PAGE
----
“The subsidy is not benefitting the poor because the marketers smile to the bank after collecting the full benefit on the over 40 million litres of products (PMS and DPK) consumed by Nigerians per day, leaving a lopsided distribution network, where not all Nigerians are able to get the products at the regulated price of N87 per litre. “In fact, a recent study showed that it is only in Lagos and a few urban centres that the products are sold at regulated prices.
The larger chunk of the populace buys the product still at exorbitant prices despite subsidy.” Kalu, who lamented the agony and suffering Nigerians who voted Jonathan into power four years ago have had to go through, said the subsidy regime could not be sustained. Besides, he urged the Jonathan administration to stop playing politics with the apparatus of government by using it to intimidate and embarrass innocent citizens. Rather, he said, such agencies should be used to fight corruption. “All these intimidation is damaging a lot of serious business people in this country.
The Economic and Financial Crimes Commission (EFCC) knows who those corrupt people are and where to get them. How would a public officer wake up one day and buy a house in Maitama and hop on private jet every minute? Nigeria should get serious,” he added. Meanwhile, DAPPMA in a statement yesterday by its Executive Secretary, Mr. Olufemi Adewole, criticised Mr. Ifeanyi Uba’s Capital Oil and Gas Industries for its claim that marketers were on strike. It said the company was being mischievous as it “had been disqualified from the Petroleum Support Fund (PSF) scheme by the government regulatory agency and does not import PMS (petrol).”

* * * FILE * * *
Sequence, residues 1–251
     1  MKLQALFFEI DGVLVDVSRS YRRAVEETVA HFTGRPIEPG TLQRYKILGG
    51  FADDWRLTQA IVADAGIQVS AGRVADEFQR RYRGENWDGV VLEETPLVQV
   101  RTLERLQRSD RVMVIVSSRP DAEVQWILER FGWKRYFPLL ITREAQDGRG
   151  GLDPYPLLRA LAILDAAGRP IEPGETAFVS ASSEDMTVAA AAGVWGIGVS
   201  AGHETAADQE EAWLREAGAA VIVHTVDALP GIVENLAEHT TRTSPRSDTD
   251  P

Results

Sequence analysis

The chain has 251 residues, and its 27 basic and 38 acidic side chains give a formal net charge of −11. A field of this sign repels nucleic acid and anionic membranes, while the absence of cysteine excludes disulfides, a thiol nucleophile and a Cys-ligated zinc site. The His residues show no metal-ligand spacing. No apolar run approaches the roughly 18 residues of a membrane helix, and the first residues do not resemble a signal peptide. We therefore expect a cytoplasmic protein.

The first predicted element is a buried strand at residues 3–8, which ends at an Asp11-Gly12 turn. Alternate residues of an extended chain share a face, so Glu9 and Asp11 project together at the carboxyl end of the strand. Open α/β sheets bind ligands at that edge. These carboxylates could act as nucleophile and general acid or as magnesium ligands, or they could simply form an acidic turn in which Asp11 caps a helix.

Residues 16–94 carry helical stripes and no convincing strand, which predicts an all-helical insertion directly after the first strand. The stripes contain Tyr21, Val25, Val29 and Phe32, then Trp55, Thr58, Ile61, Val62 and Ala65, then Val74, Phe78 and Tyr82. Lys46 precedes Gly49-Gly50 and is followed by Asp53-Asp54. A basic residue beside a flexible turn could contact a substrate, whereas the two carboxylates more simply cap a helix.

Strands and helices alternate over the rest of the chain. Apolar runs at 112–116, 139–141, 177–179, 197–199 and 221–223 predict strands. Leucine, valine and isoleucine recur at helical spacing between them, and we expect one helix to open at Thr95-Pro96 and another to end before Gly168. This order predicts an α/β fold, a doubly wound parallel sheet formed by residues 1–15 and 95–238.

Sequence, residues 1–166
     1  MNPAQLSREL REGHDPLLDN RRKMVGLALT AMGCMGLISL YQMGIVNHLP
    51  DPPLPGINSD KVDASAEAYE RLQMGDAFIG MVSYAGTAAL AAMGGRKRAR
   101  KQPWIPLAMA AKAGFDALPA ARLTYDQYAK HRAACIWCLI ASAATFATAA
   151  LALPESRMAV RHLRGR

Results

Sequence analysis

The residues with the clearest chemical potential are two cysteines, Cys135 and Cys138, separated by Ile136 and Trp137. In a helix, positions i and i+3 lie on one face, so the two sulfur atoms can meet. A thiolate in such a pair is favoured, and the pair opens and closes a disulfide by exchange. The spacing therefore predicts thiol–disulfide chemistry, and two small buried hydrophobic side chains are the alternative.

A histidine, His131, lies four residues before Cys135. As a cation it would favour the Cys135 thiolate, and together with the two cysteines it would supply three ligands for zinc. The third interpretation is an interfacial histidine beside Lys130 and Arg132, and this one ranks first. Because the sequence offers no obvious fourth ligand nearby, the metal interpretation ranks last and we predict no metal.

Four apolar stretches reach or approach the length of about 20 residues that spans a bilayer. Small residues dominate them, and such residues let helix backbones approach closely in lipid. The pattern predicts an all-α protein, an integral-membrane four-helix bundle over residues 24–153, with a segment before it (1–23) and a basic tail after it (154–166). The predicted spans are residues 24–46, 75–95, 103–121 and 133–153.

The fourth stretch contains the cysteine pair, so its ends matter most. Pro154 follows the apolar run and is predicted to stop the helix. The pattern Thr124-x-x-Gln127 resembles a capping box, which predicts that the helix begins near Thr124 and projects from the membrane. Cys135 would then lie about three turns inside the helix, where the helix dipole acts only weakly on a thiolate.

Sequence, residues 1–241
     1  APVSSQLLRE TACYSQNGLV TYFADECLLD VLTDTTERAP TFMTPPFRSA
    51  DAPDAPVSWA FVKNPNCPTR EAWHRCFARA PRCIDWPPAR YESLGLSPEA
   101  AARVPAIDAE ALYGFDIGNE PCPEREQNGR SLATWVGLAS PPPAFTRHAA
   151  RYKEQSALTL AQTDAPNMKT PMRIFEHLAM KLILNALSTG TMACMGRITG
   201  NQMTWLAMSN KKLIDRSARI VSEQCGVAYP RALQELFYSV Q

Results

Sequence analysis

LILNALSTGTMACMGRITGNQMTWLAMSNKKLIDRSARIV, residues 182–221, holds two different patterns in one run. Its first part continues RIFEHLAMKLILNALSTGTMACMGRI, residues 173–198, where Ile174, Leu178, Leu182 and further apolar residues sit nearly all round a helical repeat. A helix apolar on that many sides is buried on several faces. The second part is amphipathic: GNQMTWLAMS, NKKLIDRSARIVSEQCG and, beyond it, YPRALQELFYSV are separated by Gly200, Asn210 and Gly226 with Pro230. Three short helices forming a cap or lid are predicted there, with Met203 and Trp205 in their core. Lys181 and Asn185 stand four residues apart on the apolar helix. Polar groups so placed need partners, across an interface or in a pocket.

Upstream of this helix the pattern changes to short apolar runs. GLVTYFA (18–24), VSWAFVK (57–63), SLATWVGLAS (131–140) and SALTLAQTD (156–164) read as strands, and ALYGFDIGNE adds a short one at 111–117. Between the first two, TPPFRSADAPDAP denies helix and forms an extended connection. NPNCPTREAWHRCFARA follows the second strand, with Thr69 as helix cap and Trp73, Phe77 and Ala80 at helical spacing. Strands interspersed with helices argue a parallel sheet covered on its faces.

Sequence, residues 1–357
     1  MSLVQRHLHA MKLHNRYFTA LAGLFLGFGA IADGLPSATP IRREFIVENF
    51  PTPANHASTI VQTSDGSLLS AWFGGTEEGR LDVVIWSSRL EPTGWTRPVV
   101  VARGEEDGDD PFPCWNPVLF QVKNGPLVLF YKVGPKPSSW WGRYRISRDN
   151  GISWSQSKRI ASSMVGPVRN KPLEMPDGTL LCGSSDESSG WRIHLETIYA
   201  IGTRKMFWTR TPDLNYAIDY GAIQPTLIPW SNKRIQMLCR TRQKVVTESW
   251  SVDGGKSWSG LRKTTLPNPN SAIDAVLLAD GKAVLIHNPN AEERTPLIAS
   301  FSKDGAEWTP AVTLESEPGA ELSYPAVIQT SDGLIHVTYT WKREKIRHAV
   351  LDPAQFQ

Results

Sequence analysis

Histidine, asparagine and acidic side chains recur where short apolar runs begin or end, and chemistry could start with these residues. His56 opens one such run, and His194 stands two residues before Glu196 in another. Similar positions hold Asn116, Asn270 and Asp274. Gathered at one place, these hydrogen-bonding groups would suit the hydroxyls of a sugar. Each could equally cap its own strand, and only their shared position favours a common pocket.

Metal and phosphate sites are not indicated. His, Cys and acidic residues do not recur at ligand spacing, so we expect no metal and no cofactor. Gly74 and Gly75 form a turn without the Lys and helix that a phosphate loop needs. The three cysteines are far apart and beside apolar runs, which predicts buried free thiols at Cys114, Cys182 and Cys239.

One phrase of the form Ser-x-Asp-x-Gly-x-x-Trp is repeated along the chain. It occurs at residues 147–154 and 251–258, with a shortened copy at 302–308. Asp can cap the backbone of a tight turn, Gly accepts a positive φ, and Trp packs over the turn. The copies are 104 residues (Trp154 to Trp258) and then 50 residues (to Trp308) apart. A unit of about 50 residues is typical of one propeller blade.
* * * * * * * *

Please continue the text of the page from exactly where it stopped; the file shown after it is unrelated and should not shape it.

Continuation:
“The company is not owed a kobo under the ‘PSF scheme as they cannot make any claim, hence they do not feel the impact of non-payment of subsidy reimbursements; instead, the company stores petroleum products for NNPC/ PPMC under a ‘throughput arrangement’ as do a few other members of our association,” it added.

It was also learnt yesterday that the outgoing government has agreed to pay $800 million debt to fuel marketer to resolve the fuel crisis crippling the economy. The ABC News, in a report, quoted an Independent Petroleum Marketers Association of Nigeria (IPMAN) source to have said that the Coordinating Minister for the Economy and Minister of Finance, Dr. Ngozi Okonjo-Iweala, agreed on Monday to pay the marketers the $800 million. There was no immediate statement from the minister, who accused the suppliers of holding Nigeria to ransom over the disputed debt, bemoaning, “so much fraud allegations and scams in this business of oil marketing.”